$$\begin{aligned} &\tau y:=\frac{1}{w}\bigl(-\bigl(py'\bigr)'+qy \bigr)=\lambda y,\quad y=y(x), x\in (0,b), b< \infty , \end{aligned}$$
$$\begin{aligned} &\cos \alpha y(0, \lambda )-\sin \alpha py'(0, \lambda )=0, \end{aligned}$$
$$\begin{aligned} &\cos \beta y(b, \lambda )-\sin \beta py'(b, \lambda )=0, \end{aligned}$$

where \(\alpha , \beta \in [0,\pi )\), \(1/p, q, w\in L^{1}_{\mathrm{loc}}[0,\infty )\), \(p, w>0\) a. e. and

$$ \int _{0}^{\infty}1/p+ \vert q \vert +w=\infty . $$

Take \(y(x, \lambda )\) as satisfying the Cauchy problem,

$$\begin{aligned} &\frac{1}{w}\bigl(-\bigl(py'\bigr)'+qy\bigr)= \lambda y,\quad y=y(x), \\ &y(0, \lambda )=\sin \alpha ,\qquad py'(0, \lambda )=\cos \alpha , \end{aligned}$$

which is the solution of equation (1). Denote \(\lambda _{n, b}\) as the nth eigenvalue of the regular problem (1), (2), and (3). Then, the corresponding eigenfunction is \(y_{n, b}(x):=y(x, \lambda _{n, b})\), which satisfies the right boundary condition (3), \(\cos \beta y_{n, b}(b)-\sin \beta py'_{n, b}(b)=0\). Denote

$$ a_{n, b}^{2}:= \int ^{b}_{0}y^{2}(x, \lambda _{n, b})w(x)\,\mathrm{d}x. $$

By the Parseval Identity, for any \(f\in L^{2}_{w}(0, b)\), we have

$$ \int ^{b}_{0}f^{2}(x)w(x)\,\mathrm{d}x =\sum ^{\infty}_{n=1} \frac{1}{a_{n, b}^{2}} \biggl( \int ^{b}_{0}f(x)y_{n, b}(x)w(x)\,\mathrm{d}x \biggr)^{2},$$


$$ L^{2}_{w}(0, b):= \biggl\{ f: \int ^{b}_{0}f^{2}(x)w(x)\,\mathrm{d}x< \infty \biggr\} . $$

Now, we introduce the monotone nondecreasing function or measure \(\rho _{b}(\lambda )\),

$$ \rho _{b}(\lambda ):= \textstyle\begin{cases} -\sum_{\substack{\lambda < \lambda _{n, b}\le 0}} \frac{1}{a_{n, b}^{2}},& \text{as } \lambda \le 0, \\ \sum_{\substack{0< \lambda _{n, b}\le \lambda}} \frac{1}{a_{n, b}^{2}}, & \text{as } \lambda >0. \end{cases} $$

By definition, \(\rho _{b}(0)=0\). Then, the Parseval Identity can be rewritten as,

$$ \int ^{b}_{0}f^{2}(x)w(x)\,\mathrm{d}x= \int ^{\infty}_{-\infty}F^{2}( \lambda )\,\mathrm{d} \rho _{b}(\lambda ), $$


$$ F(\lambda )= \int ^{b}_{0}f(x)y(x, \lambda )w(x)\,\mathrm{d}x. $$

The above equation is called the generalized Fourier transform of \(f(x)\). In the following, let \(b\to \infty \), and we will prove that the Parseval Identity still holds.

Lemma 2.1

For any positive integer N, there exists a positive constant \(A(N, w)\), such that

$$ \rho _{b}(N)-\rho (-N)=\sum _{-N< \lambda _{n, b}\le N} \frac{1}{a_{n, b}^{2}}< A(N, w), $$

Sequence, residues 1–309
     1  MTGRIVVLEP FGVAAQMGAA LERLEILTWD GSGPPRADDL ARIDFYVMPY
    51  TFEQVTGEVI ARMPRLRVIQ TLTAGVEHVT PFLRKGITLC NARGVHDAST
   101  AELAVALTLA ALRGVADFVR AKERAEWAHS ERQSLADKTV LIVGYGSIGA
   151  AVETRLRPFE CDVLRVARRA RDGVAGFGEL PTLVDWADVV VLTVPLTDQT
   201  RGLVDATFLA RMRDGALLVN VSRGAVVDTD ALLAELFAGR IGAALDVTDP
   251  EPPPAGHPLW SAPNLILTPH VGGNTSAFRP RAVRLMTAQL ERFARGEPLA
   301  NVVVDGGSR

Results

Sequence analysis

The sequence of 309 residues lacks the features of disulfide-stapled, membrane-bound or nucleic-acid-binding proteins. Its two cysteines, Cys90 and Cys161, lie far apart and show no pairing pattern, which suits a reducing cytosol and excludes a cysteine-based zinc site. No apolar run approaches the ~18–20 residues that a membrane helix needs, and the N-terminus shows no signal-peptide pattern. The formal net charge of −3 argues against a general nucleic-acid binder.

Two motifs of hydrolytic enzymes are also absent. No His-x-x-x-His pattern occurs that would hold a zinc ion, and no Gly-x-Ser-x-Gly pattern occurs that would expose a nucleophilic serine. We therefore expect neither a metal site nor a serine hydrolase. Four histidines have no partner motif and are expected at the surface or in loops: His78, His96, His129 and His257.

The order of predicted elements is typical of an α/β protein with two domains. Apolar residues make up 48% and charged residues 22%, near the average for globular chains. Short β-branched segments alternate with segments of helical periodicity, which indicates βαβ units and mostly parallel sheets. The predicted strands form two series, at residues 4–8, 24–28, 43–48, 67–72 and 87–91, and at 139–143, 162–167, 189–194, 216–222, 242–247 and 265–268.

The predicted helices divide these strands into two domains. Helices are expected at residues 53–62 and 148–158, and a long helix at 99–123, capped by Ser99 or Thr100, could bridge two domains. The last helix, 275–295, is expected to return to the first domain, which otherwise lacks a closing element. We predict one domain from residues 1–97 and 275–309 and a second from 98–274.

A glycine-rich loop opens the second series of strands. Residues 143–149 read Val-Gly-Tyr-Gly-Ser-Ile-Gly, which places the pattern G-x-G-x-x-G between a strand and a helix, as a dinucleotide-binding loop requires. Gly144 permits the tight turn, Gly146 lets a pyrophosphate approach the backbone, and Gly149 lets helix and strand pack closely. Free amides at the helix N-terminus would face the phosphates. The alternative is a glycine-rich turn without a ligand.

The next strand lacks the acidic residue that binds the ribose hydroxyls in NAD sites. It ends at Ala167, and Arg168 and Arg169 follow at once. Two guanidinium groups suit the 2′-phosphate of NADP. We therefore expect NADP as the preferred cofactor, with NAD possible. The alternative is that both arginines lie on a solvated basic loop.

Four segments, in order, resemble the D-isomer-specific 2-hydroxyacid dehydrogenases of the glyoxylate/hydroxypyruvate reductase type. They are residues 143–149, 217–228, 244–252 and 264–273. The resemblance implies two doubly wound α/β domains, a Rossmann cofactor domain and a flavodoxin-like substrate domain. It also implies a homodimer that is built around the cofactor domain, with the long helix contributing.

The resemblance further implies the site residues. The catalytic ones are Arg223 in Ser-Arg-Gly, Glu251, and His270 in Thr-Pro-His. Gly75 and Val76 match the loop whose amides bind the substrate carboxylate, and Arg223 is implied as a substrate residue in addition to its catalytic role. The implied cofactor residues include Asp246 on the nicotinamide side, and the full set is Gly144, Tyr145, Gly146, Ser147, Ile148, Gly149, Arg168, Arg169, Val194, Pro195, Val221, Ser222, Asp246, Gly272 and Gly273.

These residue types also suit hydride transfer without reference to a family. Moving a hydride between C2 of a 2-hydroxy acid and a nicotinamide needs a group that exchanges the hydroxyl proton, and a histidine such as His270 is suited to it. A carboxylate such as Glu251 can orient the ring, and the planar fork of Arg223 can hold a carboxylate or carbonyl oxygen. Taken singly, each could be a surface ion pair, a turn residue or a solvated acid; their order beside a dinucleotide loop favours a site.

where \(A(N, w)\) only depends on N and w, and is independent of b.



$$ c_{h}:= \int ^{h}_{0}w(x)\,\mathrm{d}x,\quad h>0. $$

Since \(w(x)\in L^{1}_{\mathrm{loc}}[0,\infty )\) and \(w(x)>0\), a.e., it follows that \(c_{h}>0\), for any \(h>0\).

In the case \(\sin \alpha \ne 0\), there exists sufficiently small positive numbers h, such that \(|y(t, \lambda )|>|\sin \alpha |/\sqrt{2}\), for any \(t\in [0,h]\) and \(\lambda \in [-N,N]\). This fact leads to

$$ \biggl(\frac{1}{h} \int ^{h}_{0}y(x, \lambda )w(x)\,\mathrm{d}x \biggr)^{2}> \frac{c_{h}^{2}}{2h^{2}}\sin ^{2}\alpha . $$

Define function \(f_{h}(x)\)

$$ f_{h}(x):= \textstyle\begin{cases} 1/h & 0\le x< h, \\ 0 & x>h. \end{cases} $$

Using (6) and the Parseval Identity (4), we can obtain that

$$\begin{aligned} \frac{c_{h}}{h^{2}}&= \int ^{h}_{0}f^{2}_{h}(x)w(x) \,\mathrm{d}x \\ &= \int ^{\infty}_{-\infty} \biggl(\frac{1}{h} \int ^{h}_{0}y(x, \lambda )w(x) \,\mathrm{d}x \biggr)^{2}\,\mathrm{d}\rho _{b}(\lambda ) \\ &\ge \int ^{N}_{-N} \biggl(\frac{1}{h} \int ^{h}_{0}y(x,\lambda )w(x) \,\mathrm{d}x \biggr)^{2}\,\mathrm{d}\rho _{b}(\lambda ) \\ &>\frac{c^{2}_{h}}{2h^{2}}\sin ^{2}\alpha \int ^{N}_{-N}\,\mathrm{d} \rho _{b}(\lambda ) \\ &=\frac{c^{2}_{h}}{2h^{2}}\sin ^{2}\alpha \bigl[\rho _{b}(N)-\rho _{b}(-N)\bigr]. \end{aligned}$$


$$ \bigl[\rho _{b}(N)-\rho _{b}(-N)\bigr]< \frac{2}{c_{h}\sin ^{2}\alpha}=:A(N, w).$$

Note that \(c_{h}\) only depends on N and w, and is independent of b. Thus, (5) has been proved.

In the case \(\sin \alpha =0\), \(|y'(0, \lambda )|=|\cos \alpha |=1\). Hence, there exists a sufficiently small number \(h>0\), such that \(y(t, \lambda )>t/\sqrt{2}\), for any \(t\in [h/2,h]\) and \(\lambda \in [-N,N]\). We now have

$$\begin{aligned} \biggl(\frac{1}{h^{2}} \int ^{h}_{0}y(x, \lambda )w(x)\,\mathrm{d}x \biggr)^{2} &> \biggl(\frac{1}{h^{2}} \int ^{h}_{h/2}\frac{h}{2\sqrt{2}}w(x) \,\mathrm{d}x \biggr)^{2} \\ &=\frac{1}{8h^{2}}(c_{h}-c_{h/2})^{2}. \end{aligned}$$

In this case, define function \(f_{h}(x)\) as

$$ f_{h}(x)= \textstyle\begin{cases} \frac{1}{h^{2}} & 0\le x< h, \\ 0 & x>h. \end{cases} $$

Similar to the case where \(\sin \alpha \ne 0\), we can obtain that

$$\begin{aligned} \frac{c_{h}}{h^{2}}&= \int ^{h}_{0}f^{2}_{h}(x)w(x) \,\mathrm{d}x \\ &= \int ^{\infty}_{-\infty} \biggl(\frac{1}{h^{2}} \int ^{h}_{0}y(x, \lambda )w(x)\,\mathrm{d}x \biggr)^{2}\,\mathrm{d}\rho _{b}(\lambda ) \\ &\ge \int ^{N}_{-N} \biggl(\frac{1}{h^{2}} \int ^{h}_{0}y(x,\lambda )w(x) \,\mathrm{d}x \biggr)^{2}\,\mathrm{d}\rho _{b}(\lambda ) \\ &>\frac{1}{8h^{2}}(c_{h}-c_{h/2})^{2} \int ^{N}_{-N}\,\mathrm{d}\rho _{b}( \lambda ) \\ &=\frac{1}{8h^{2}}(c_{h}-c_{h/2})^{2}\bigl[\rho _{b}(N)-\rho _{b}(-N)\bigr]. \end{aligned}$$


$$ \bigl[\rho _{b}(N)-\rho _{b}(-N)\bigr]< \frac{8c_{h}}{(c_{h}-c_{h/2})^{2}}=:A(N, w).$$